I also came across this article:
Is all of this too little, too late? Time will tell, but environmental turnaround success stories aren’t unheard of, particularly driven by grassroots efforts. Here’s a feel-good story that will give you hope. And just today, this one.
Lots of cool street art
Should you go?
In a word, yes. We’re really glad we visited Tulum. Not did we get an eye-opening education in the area’s ecological problems, but because – for the most part – we had a really nice time. The people of Tulum are lovely. Like people everywhere in Mexico, they’re hard-working, family-oriented, and kind. Our hearts went out to the local business owners and employees that are scraping by, especially as the sargassum bloom continues to devastate the entire Mayan Riviera.
We learned some lessons about responsible tourism that will inform all of our upcoming travel. Even little things can help, like finding lodging that is dealing with its trash and wastewater responsibly and getting its energy from the power grid (and not a generator). Cutting down on your purchase of water in throwaway plastic bottles. Using biodegradable sunscreen and insect repellent. And in general, just being aware of how sensitive your surroundings are.
Here are some more tips:
- Take a jungle/cenote bike tour with Tulum Bike Tours, and try to get Nicolas Quintero as your guide. He is extremely well-informed and passionate about protecting Tulum and its treasures.
- Snorkel in the cenotes. There really is nothing like them anywhere else in the world.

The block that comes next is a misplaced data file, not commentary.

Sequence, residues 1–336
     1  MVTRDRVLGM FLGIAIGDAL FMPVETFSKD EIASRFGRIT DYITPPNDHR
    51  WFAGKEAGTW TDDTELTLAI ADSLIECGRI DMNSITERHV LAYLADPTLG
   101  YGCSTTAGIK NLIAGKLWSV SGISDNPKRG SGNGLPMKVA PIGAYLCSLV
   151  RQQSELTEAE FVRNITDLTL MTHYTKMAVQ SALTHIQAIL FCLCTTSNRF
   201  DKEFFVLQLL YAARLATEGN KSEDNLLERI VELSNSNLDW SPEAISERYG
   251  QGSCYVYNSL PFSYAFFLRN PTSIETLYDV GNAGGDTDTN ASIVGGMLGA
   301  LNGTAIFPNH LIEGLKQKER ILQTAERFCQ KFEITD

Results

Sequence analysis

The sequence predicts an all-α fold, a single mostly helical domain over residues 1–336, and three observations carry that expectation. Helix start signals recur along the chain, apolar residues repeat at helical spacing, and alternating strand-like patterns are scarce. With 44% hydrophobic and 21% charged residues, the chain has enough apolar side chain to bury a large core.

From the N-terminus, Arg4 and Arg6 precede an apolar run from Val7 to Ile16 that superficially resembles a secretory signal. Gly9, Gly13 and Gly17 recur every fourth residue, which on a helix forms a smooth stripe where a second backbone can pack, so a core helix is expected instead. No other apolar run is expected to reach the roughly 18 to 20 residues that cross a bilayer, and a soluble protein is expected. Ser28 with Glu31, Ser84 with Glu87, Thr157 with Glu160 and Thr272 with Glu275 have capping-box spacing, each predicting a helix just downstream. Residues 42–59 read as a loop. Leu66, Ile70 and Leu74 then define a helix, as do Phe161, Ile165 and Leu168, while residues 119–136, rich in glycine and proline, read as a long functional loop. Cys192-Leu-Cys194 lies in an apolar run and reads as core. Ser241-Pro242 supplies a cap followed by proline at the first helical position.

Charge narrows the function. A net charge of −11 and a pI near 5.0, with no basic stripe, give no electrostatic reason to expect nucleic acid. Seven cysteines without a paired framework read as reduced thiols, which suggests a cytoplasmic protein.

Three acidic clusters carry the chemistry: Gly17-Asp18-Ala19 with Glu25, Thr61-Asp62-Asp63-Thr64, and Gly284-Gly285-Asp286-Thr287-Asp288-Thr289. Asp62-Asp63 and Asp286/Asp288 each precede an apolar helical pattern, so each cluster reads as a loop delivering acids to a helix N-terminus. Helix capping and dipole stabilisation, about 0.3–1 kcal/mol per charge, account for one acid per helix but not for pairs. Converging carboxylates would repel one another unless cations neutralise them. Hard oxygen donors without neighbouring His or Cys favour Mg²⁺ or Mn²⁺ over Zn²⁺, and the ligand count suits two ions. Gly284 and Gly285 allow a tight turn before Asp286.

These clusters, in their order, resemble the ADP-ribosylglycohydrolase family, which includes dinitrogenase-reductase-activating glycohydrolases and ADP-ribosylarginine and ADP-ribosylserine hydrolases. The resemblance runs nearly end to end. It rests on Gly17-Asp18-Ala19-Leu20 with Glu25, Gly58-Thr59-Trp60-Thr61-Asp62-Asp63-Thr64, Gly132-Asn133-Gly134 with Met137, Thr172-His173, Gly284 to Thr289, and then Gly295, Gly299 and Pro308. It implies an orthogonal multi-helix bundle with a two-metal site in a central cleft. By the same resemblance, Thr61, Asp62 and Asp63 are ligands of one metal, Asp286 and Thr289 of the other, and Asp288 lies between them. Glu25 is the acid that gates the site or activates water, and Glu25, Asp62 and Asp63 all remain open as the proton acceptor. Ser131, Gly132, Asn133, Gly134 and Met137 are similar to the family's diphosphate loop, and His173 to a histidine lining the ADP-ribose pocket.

- Visit the ruins early in the morning to avoid the heat and crowds. The site opens at 8 a.m.
- Visit the central parque on just about any evening to escape the tourist scene and get a real flavor for the local community.
- We used the ADO bus service to get to Tulum from Cancun Airport for about $18 per person. It was modern and air-conditioned, and took about 2.5 hours with a single stop in Playa del Carmen. The ADO web site lists current rates and schedule (no need to book your tickets online). You catch the bus just outside Terminal 3, and – how convenient – there’s a nice bar to enjoy a cold one while you wait.
- Beware touts just outside Terminal 3 that will try to sell you a ride on a van for much more than the cost of the bus (although they outright lie and tell you it’s only $5 more).
- We really enjoyed our hotel, Wish Tulum. Lovely pool, beautiful grounds, clean rooms, and reasonable price.
- Batey, a great spot for live music that serves up interesting mojitos made with guarapo (fresh-pressed sugar cane juice).
- Fave restaurants: El Camello Jr. (KILLER seafood), Don Cafeto (Tulum’s oldest Mexican restaurant), La Nave (Tulum’s oldest Italian restaurant), Il Bacaro (standout Italian food), and Campanella (yummy gelato).